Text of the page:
“This administration is ideologically driven, not fact-driven,” he tells audiences. “As a doctor, I know that if you have a theory and you have a fact, and the fact comes along and disproves the theory, you throw the theory out. The problem is these guys throw the fact out.”
With his analytical bedside manner and natural New England reserve, Dean is outspoken and unsentimental, with little time for self-reflection.
“I’m not good at this,” he says when pressed for personal revelations.
The father of two flies back to Vermont nearly every Wednesday to attend his son Paul’s high school hockey games, but fiercely guards his family’s privacy, and rarely mentions them publicly.
For Dean, campaigning for president is less about getting Americans to like him than it is about persuading voters that he’s right.
The former governor appears almost bemused by the repeated standing ovations he gets from overflowing crowds packed into community centers, union halls and churches in New Hampshire and Iowa. He nods quickly and cuts off the applause, eager to get to questions from the audience and to offer his prescription for the country.
Then it’s off to the next town hall meeting -- sometimes as many as six a day.
“I don’t feel like I’m a star, and that’s never been part of who I am,” Dean said. “What I want to do is get the job done, and I think I can do the job.”
The candidate uses sugar to fuel his 18-hour days, pouncing on cookies at supporters’ homes and devouring half a bag of red and green spice drops for lunch during a recent flight. He never exercises. (His New Year’s resolution is to lose the 12 pounds he has gained on the campaign trail so far.)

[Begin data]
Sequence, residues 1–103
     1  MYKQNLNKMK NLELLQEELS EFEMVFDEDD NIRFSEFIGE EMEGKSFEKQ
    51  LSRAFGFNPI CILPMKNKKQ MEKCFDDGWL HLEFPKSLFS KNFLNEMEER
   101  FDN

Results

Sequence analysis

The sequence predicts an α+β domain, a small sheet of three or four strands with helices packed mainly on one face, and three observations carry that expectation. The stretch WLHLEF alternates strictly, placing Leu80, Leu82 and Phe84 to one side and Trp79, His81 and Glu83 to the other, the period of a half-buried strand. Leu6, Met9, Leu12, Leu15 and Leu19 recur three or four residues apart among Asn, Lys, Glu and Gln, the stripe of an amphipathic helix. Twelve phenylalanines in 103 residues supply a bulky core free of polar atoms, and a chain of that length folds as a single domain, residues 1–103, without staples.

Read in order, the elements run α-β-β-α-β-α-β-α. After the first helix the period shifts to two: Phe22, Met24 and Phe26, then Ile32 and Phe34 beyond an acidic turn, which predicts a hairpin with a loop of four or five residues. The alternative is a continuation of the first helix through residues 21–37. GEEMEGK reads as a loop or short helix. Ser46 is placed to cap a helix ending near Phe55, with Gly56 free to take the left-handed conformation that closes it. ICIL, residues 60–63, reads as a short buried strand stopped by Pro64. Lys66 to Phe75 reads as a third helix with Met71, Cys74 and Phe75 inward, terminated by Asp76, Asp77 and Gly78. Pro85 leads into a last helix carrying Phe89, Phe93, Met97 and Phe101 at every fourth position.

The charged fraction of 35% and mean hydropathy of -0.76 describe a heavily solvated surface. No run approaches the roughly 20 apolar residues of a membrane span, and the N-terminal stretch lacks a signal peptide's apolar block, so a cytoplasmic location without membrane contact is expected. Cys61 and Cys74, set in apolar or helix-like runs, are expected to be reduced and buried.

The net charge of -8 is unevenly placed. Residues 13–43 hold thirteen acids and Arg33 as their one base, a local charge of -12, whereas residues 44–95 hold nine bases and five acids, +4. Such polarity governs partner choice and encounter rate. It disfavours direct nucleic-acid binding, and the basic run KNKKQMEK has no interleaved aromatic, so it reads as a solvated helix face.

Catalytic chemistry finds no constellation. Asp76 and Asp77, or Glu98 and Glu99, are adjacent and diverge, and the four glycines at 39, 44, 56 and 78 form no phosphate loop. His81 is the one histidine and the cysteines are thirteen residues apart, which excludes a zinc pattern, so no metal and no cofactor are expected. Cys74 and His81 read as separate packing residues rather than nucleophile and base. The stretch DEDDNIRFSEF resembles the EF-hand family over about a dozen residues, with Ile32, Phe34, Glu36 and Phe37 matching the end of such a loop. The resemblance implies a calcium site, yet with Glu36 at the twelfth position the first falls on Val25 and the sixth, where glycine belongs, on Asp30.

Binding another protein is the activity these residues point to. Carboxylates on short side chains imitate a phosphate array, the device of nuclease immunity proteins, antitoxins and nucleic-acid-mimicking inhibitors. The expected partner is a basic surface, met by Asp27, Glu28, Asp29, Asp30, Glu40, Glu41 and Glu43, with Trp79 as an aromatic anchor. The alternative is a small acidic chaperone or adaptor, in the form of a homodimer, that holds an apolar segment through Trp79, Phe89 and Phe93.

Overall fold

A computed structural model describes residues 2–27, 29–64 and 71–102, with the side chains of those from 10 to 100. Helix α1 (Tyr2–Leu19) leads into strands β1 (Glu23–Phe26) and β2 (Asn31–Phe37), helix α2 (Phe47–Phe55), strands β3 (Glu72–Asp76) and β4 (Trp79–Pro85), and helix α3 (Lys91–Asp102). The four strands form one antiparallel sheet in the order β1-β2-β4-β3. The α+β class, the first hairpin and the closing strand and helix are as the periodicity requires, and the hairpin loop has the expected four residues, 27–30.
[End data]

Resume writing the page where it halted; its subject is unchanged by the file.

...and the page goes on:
Despite his hectic pace, he rarely appears to tire. He strolls into rooms with a forward-leaning hunch, as if eager to get to the next stop. Between events, he constantly quizzes his aides about what else he should be doing.
As the spotlight on him has intensified, Dean occasionally bristles under the barrage of attacks from his opponents.
At a recent town hall meeting in Manchester, he quickly batted down a question from a young man who asked if he had been using a private plane owned by a company that benefits from the same type of corporate loopholes he criticizes.
“No. It’s not true,” he said brusquely. “It’s not. Next question.”
In good humor, he’s unabashedly jovial.
One night in December, he slipped inside the Concord home of one of his young aides to surprise her parents, who were hosting a Hanukkah party for the New Hampshire staff.
As 40 young people belted out Hanukkah songs in the dining room of the snow-coated Victorian house, Dean pushed open the door. The room dissolved into cheers and applause. The former governor, whose wife and children are Jewish, gamely launched into a rendition of the Hebrew prayer for the lighting of the Hanukkah candles.
Then he joined his young staff in a boisterous round of singing, including a tune written by a Massachusetts supporter. “Republicans thought they were clear,” he sang loudly. “Vermont’s so small, no need to fear. But wait until this time next year. Because we will win with people-powered Howard Dean!”
Amid much laughter and chatter, the crowd dispersed into the kitchen to eat dinner. Dean lingered behind, talking to a supporter.
When he followed them in a few minutes later, none of his staff, immersed in their food, looked up. Dean peered around the room, for once without a place to hurry off to.
For a moment, the Democratic presidential front-runner stood in a crowded kitchen in New Hampshire, unnoticed, alone.